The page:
Monday, August 22, 2011

thoughts on returning east.

Sundays are good for daydreaming. I came to Lowell Lake on my way through Londonderry today, picked the dirt road turnoff from the cobwebs of my memory and flew down it with the windows open. I came to a picnic table on the piney lake shore with a bag of cherries, a cup of coffee, the Sunday paper, a notebook and a pen. It's an undeveloped lake shore, and in my memory it's a quiet, wild place, with beaver dens and pine snags looming in the mist. But as I write this, a loud family just pulled into the parking area, and from somewhere through the woods comes the unmistakable whine of ATVs. Sunday morning motorsports. They have as much a right to use this land as I do, but I feel a perturbed, sanctimonious displeasure bubble up. I dislike almost anything big, loud and intrusive. I prefer my wilderness without other people.

I haven't found much of that in the Northeast. Funny – it feels so over-crowded, so tame around here at times, but early yesterday morning from atop Mount Cardigan, I had the the expansive vista nearly to myself, green rolling hills giving way to hazy blue mountaintops. Just one little town with a white steeple stood out in a 360-degree panorama of forest and sky. I wondered how it is that I can possibly feel hemmed in, claustrophobic here, when I'm surrounded by all this undeveloped forest, more land than I can conceive knowing, all of it crawling with streams, freckled with lakes, crammed with bear dens and snake holes and bird nests. Why do I feel like solitude is such a commodity?

Solitude was easy to come by in Idaho. Here, it seems like every piece of land is governed in some way, either by private landowners or well-intentioned public officials trying to preserve it from the ravages of overuse. Vermont ranks 30th in population density, with just shy of 68 inhabitants per square mile, below the national average of 87.4. Idaho ranks 42nd, with 19 inhabitants per square mile.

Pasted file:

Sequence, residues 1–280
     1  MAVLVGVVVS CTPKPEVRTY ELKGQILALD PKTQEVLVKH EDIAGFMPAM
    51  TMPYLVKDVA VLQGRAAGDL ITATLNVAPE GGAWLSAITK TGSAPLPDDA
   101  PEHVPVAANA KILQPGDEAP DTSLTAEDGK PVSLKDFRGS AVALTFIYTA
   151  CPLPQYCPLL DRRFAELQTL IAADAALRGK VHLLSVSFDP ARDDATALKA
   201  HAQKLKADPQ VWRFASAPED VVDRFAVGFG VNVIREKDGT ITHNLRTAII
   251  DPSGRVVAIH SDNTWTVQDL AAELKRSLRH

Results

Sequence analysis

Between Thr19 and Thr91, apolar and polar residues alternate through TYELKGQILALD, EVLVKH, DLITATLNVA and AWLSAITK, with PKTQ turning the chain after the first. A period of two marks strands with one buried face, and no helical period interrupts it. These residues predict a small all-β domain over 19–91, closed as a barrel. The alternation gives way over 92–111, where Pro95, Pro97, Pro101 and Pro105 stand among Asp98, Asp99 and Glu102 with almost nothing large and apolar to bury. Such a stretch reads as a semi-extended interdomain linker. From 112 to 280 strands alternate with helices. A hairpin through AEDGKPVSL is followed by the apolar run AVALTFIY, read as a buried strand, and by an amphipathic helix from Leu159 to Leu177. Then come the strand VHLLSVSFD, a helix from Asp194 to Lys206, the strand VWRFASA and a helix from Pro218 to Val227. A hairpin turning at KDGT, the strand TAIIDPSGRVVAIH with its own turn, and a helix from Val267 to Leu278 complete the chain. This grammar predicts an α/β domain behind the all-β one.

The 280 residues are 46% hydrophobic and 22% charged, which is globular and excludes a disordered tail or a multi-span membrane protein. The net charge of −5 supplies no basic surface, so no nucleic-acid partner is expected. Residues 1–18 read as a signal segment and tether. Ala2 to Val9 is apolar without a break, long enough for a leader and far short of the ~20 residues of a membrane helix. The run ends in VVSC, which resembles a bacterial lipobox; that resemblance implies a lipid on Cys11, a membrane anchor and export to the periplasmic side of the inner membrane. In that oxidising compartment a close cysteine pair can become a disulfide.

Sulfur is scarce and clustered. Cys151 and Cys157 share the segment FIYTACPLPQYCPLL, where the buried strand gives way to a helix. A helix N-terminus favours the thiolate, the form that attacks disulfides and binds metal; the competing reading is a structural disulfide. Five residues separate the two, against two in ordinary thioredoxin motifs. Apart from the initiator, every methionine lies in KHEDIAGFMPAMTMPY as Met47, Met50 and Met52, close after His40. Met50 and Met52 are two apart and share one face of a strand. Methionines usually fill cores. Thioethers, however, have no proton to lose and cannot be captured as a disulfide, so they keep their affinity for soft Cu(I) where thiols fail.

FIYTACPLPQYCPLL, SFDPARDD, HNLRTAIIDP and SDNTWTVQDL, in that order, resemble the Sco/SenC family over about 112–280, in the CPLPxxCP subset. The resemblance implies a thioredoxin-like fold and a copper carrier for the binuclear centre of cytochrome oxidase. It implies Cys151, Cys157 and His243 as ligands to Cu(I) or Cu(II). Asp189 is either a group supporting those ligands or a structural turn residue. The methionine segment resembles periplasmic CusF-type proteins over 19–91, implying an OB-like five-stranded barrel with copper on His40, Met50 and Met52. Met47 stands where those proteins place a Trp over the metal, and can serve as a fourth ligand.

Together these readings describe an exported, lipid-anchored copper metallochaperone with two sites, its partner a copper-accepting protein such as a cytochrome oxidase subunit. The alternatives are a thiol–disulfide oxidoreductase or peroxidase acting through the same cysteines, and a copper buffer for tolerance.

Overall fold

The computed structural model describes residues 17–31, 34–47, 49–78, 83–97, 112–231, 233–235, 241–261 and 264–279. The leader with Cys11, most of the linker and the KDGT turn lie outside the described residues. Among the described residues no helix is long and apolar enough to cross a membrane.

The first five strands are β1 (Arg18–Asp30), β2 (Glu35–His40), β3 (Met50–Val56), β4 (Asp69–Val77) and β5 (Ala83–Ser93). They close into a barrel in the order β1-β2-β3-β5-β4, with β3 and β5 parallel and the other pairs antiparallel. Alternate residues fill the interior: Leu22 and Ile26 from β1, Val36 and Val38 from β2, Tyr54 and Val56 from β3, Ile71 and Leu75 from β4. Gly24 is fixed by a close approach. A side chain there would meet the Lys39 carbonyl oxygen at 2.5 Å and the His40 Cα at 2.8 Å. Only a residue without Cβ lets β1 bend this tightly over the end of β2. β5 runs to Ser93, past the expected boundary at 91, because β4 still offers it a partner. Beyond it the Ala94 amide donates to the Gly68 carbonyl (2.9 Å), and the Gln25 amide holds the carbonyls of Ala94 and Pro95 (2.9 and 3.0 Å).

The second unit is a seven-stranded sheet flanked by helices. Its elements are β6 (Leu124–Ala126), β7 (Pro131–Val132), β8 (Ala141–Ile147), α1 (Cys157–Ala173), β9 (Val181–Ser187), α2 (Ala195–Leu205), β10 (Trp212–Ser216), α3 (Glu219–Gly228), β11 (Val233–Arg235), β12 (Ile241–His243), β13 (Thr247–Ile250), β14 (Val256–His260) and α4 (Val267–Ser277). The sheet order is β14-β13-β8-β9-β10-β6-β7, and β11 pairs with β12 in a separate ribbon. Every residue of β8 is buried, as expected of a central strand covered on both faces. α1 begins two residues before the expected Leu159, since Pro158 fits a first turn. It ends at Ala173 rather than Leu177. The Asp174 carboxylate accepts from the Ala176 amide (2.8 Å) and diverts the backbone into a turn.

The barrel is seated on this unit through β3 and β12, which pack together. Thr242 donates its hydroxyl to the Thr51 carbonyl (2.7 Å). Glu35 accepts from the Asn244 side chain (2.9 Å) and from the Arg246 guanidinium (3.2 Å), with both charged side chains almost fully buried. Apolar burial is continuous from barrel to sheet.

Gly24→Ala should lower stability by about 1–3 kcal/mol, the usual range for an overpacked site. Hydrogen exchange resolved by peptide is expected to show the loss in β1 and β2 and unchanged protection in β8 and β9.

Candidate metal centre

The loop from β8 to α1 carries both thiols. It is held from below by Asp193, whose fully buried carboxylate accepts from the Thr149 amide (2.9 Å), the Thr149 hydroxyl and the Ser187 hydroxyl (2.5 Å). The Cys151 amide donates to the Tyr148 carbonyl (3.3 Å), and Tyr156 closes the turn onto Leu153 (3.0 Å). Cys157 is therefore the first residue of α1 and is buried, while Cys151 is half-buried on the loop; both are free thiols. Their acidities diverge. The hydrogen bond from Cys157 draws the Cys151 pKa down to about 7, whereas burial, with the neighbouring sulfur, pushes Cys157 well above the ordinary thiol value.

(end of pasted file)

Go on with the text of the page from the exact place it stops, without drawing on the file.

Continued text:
Still, the difference lies not in population density but rather in distribution of land. In Vermont, land is fragmented: 85 percent of it is privately owned, divided into parcels. In Idaho, only 40 percent of land is private; the remaining 60 percent is held in broad swaths by the Forest Service or BLM, much of it wide open and theoretically accessible to the public. In the middle of all those steep rocky gulches and sinuous mountain roads, it took no great doing to find yourself alone. You could pull over anywhere and pitch a tent, wander into the big, wild spaces; find a quiet place to sleep or walk or cast a fishing line without interruption. I felt uninhibited by regulations or restrictions, pregnant with possibilities.

This opens a can of worms, because fewer regulations and restrictions leads to greater abuse by unscrupulous or ignorant individuals or companies. Idaho is so vast it can handle such abuses more readily than tiny Vermont. The two are vastly different politically and demographically, and it seems that Vermonters care more about protecting their land and about making environmentally friendly choices – an attitude that is necessary, around here, and one which I welcome. Nonetheless, this extreme sense of stewardship leads to a feeling that Adam once described as “the eviction of the American public from their lands.” Park here, pay here. Walk here. Don't go there, don't do that. It feels so restrictive at times.